The secret tribunal came into being with the Regulation of Investigatory Powers Act 2000 following successful challenges to the UK in the European Court over the lack of legal basis for surveillance. It is this Act which gives the intelligence and security services the power to bug telephones, install listening devices and undertake surveillance operations and regulates the exercise of those powers. The tribunal was set up to deal with challenges to such powers. If a suspected terrorist has been put under surveillance and he brings a legal challenge on the basis that his right to privacy has been violated, then the tribunal can hear evidence in secret, decide that the surveillance is justified and make a finding on lawfulness of the surveillance without either confirming or denying that it has taken place. One can see a justification for the tribunal’s procedures in those circumstances. But the jurisdiction of a tribunal which does not guarantee any of the fundamental fair trial rights of an individual should be strictly limited.

However, rather than limiting the tribunal’s role, the Act appears to widen it by bringing all Human Rights Act claims against the intelligence services within its jurisdiction. This provision was a late catch-all intended to ensure that the three old tribunals dealing with the different branches of the intelligence services (MI5, MI6 and GCHQ) were replaced by a single tribunal. It came into force on the same day that the Human Rights Act came into force and Parliament obviously wanted to ensure that new claims for breaches of Article 8, the right to privacy, could be dealt with outside the usual court system.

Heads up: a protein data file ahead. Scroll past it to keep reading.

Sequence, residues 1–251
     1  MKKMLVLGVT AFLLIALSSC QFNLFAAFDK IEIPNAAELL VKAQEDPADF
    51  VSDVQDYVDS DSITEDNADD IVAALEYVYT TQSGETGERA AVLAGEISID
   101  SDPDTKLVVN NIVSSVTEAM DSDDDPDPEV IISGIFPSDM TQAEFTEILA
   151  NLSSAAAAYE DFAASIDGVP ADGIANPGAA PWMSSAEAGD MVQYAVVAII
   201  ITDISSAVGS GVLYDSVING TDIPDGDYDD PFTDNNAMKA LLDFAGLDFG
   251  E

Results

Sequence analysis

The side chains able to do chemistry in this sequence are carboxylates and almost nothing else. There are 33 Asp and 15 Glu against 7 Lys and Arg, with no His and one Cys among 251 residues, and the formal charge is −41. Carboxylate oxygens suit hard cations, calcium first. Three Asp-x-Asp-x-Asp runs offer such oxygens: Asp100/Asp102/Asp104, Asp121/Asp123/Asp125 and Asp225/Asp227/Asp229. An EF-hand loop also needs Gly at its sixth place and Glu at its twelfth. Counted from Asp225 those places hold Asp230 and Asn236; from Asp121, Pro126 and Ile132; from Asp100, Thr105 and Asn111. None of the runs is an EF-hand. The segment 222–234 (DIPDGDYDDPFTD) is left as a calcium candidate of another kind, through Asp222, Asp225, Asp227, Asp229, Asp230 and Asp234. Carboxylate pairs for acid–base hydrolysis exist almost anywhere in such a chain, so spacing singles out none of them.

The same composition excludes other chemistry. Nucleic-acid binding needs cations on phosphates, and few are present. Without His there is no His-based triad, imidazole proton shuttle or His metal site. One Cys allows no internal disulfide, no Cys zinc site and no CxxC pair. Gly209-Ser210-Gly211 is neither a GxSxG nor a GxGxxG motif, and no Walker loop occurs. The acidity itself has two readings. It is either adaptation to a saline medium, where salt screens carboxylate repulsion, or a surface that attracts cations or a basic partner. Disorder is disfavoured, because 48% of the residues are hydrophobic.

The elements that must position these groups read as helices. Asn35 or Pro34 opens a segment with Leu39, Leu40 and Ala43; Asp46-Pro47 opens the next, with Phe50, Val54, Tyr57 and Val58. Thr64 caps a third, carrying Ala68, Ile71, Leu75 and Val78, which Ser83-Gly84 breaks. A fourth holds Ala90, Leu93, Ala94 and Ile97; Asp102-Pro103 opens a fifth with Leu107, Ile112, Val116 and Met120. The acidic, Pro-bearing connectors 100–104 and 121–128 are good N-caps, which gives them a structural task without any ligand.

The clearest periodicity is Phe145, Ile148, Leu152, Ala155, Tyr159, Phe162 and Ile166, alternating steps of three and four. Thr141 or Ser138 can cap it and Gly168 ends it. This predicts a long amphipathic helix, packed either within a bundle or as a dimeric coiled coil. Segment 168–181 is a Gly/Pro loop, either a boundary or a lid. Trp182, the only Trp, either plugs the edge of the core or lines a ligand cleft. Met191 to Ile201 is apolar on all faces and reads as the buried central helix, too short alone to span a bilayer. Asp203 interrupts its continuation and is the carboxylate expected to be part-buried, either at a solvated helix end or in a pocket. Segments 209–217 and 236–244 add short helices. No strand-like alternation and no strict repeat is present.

So, on the reading of the statute favoured by the Court of Appeal, a freedom of expression claim by a whistle-blower who wanted to publish revelations of fraud in MI5 or MI6 would be heard in the secret tribunal. So might a human rights claim by a torture victim against the secret intelligence services for collaboration in his or her torture — not so far-fetched so it seems. These are plainly cases of the highest public importance where serious wrong-doing by the state is alleged and fundamental rights of individuals are engaged. Openness is of paramount importance in such claims.

That is not to say that sensitive intelligence information must be revealed to the public. There are plenty of mechanisms in the civil justice system to allow national security to be protected. The public can be excluded from parts of hearings; special advocates can be appointed to represent parties when intelligence is deemed too sensitive for the parties or their usual lawyers to see it. But in the ordinary courts, fundamental principles of fairness and open justice will prevail except where it is strictly necessary to limit them.

The words of a former Lord Chief Justice are perhaps all the more relevant where the issue is an individual’s freedom of expression: “It is not merely of some importance but is of fundamental importance, that justice should not only be done, but should manifestly and undoubtedly be seen to be done.” As AC Grayling pointed out recently in an article for Index on Censorship, “There are two bedrock civil liberties without which the very idea of civil liberty is empty. They are freedom of speech and due process of law.” This claimant has suffered a double blow in being denied first right his freedom of expression and then his right to due process.

The claimant first tried to publish his manuscript three years ago. Since then, he has spent a fortune fighting the refusal and is convinced that his former employers are delaying matters in the hope that he will be unable to continue his claim. Happily, the House of Lords has given leave to appeal the Court of Appeal judgment. Even if he wins in the House of Lords, the claimant will then have to revive his original quest to publish his story, but at least it will be before a court whose judgments can be scrutinised, criticised and appealed against, and at least he will, in the end, know why he has won or lost.

Tamsin Allen represents the claimant in A v B. She is a partner in the media and public law department at Bindmans

An edited version of this article appears in The Times